He pastored Chapel Hill three years and Second Baptist, Plymouth, two years. During a pastorate of ten years at Colerain, a new house of worship was erected. He also preached at White Oak Chapel in Chowan County, one year and Powell’s Point one year. His first week in Virginia was at Willow Grove, where he preached two years. He served Little Piney Grove in Princess Anne County, eighteen months, and built a church at a cost of about twelve thousand dollars. He pastored Divine Baptist Church at Deep Creek six years and remodeled the house and preached at Kempsville nine years. Being called to Mt. Zion on the Eastern Shore he served that congregation six years and built a church. A new church edifice was also built at Wachapreage where he served the Herbert Baptist Church. Of course, it will be understood that many of these pastorates overlapped, as frequently Rev. Arnold would be serving three or four churches at the same time. In 1917, he

Wachapreague Accomack Co. Va.
In Wachapreague, Accomack County, Va.

resigned his country work to accept the call of the St. Thomas Baptist Church at Portsmouth, which has taken on new life and has greatly prospered under his administration. He was called back to Deep Creek, which he gives an evening appointment and where he is very popular. He pastored First Baptist Church at Gilmerton, Va., six years with great success.

Rev. Arnold has done a great deal of evangelistic work and has been blessed with an unusually fruitful ministry. He has baptized at least three thousand into the membership of the church. Since moving to Portsmouth where he owns a comfortable home, he has been chosen president of the Baptist Ministers’ League of that city. He believes that the greatest needs of the race today are co-operation and self-confidence.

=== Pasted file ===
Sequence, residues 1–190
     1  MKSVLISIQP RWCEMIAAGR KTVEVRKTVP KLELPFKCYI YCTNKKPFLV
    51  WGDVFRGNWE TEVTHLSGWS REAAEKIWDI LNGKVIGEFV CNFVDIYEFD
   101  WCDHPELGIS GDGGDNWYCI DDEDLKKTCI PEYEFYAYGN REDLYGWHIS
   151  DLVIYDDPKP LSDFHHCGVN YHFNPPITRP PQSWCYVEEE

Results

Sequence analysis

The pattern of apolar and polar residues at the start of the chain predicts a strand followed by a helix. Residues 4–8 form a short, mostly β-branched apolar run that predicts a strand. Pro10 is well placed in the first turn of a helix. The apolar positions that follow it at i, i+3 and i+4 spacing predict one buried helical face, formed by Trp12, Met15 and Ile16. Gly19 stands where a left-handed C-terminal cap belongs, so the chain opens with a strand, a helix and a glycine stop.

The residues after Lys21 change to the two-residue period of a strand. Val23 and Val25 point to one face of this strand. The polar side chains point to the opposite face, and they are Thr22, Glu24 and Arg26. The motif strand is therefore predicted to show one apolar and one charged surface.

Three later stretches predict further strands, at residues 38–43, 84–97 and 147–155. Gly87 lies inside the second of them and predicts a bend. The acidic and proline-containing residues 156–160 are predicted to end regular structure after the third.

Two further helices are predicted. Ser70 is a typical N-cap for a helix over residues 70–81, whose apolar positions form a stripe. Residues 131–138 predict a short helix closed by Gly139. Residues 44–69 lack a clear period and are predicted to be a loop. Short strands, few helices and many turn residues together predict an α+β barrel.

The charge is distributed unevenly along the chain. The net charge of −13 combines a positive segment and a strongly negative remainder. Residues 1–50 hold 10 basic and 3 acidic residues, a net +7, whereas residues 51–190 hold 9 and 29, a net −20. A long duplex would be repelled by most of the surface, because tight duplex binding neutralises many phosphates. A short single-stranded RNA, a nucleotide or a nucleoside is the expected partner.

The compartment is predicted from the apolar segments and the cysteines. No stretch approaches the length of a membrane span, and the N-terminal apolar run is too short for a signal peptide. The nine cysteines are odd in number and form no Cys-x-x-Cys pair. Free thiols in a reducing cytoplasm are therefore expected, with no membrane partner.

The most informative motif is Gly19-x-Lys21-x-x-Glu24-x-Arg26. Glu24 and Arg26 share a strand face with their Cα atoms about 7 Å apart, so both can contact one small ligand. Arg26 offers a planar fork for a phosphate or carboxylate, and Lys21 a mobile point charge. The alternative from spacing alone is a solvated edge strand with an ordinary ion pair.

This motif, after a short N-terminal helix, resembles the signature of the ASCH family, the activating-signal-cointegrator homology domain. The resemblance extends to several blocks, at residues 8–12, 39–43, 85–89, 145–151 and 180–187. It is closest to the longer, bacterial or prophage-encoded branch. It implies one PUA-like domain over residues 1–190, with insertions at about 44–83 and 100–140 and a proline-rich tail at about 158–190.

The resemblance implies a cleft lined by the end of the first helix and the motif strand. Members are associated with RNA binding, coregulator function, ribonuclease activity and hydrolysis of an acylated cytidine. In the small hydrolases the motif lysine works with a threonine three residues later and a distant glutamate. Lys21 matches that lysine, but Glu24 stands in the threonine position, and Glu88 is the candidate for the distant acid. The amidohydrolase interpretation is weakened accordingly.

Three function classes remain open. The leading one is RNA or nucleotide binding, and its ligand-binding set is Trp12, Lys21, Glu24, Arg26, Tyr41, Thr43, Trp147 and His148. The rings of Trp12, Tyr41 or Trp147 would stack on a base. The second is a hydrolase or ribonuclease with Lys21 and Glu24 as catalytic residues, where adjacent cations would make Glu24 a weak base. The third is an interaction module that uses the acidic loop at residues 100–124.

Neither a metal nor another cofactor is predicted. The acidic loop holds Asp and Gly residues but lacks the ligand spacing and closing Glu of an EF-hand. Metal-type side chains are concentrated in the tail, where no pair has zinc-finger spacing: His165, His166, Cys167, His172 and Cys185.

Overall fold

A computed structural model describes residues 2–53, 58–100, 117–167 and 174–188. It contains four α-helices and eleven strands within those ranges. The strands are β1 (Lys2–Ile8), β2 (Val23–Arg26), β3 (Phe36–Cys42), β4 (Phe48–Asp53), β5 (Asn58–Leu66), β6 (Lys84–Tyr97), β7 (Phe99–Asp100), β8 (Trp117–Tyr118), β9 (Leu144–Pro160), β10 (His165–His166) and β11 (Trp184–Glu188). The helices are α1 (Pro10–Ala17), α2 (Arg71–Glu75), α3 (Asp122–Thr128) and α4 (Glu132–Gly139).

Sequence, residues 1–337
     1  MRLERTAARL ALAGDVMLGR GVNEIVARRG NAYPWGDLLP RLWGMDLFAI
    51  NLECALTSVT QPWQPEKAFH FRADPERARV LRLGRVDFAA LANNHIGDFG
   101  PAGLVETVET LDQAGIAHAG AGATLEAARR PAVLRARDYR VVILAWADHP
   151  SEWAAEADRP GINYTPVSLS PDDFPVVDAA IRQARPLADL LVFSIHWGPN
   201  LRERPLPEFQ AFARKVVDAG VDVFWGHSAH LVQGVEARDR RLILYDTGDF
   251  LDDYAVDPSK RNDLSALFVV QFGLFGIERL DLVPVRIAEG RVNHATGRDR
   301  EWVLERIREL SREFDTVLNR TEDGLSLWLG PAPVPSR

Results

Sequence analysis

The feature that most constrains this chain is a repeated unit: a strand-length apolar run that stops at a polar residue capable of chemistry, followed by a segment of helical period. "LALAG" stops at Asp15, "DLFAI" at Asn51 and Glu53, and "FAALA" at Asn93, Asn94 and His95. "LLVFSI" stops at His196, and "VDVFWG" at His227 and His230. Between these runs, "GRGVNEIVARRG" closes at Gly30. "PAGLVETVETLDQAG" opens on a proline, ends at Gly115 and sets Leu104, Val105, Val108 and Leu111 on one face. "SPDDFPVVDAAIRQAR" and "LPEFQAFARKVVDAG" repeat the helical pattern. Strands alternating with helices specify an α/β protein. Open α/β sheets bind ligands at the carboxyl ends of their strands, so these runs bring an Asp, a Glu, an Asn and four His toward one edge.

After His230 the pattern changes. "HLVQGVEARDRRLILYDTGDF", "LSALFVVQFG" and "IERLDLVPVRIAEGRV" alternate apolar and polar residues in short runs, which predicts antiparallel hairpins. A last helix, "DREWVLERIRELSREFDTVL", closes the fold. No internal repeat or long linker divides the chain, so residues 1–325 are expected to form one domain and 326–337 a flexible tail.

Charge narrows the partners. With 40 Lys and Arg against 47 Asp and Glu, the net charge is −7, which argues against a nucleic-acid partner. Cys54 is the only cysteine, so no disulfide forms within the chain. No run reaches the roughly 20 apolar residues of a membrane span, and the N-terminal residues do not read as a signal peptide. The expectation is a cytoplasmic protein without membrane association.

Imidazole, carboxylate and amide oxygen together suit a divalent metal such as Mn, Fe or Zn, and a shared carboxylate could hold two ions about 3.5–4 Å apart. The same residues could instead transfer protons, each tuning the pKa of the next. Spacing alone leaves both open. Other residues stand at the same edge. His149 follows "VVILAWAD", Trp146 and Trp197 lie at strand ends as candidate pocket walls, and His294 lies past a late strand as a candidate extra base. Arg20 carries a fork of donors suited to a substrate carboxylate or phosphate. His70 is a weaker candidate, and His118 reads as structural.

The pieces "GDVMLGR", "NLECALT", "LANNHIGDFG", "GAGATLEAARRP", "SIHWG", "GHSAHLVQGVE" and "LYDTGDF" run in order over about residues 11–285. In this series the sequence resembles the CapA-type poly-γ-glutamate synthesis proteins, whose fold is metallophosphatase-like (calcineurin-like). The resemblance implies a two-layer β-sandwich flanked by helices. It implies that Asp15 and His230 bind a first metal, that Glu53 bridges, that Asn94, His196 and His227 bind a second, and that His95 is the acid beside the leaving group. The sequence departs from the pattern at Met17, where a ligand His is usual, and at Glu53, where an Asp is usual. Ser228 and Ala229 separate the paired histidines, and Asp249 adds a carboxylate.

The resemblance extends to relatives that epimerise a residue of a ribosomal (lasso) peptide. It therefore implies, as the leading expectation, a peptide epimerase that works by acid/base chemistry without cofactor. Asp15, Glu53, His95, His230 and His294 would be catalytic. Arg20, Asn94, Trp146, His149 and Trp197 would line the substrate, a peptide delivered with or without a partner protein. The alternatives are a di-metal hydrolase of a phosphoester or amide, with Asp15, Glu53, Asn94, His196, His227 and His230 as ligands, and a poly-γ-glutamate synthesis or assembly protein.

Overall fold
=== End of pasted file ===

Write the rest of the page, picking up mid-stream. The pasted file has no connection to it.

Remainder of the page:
Rev. Arnold spent two years in the Albemarle Training School, Edenton, N. C., during which time he led his class. He completed in two years a course which held some others four years. Later, he was trustee of the same institution and was at one time a trustee of the Roanoke Institute at Elizabeth City, N. C. He believes in liberty and freedom for all men, and is of the opinion that the Gospel, and the Gospel alone, will bring universal peace. He does not think it can be brought about by man-made plans.” (Biography from The History of the American Negro and his institutions, by Arthur Bunyan Caldwell, 1921).

(Author note: Rev. Arnold and his wife, Mattie, lived on Summitt Avenue, Portsmouth. Mattie A. Arnold, a native of Belvidere, Perquimans County, North Carolina, passed on September 1, 1962. Her funeral, held at historic Ebenezer Baptist Church, was conducted by Rev. E. W. Davidson of Noble Street Baptist Church. The Norfolk Journal and Guide noted that Mrs. Arnold was “a veteran member of Ebenezer Church and missionary society, and a member of Brighton-Truxtun Prayer Band and Sarai Tent 32.” – Norfolk Journal and Guide, September 15, 1962).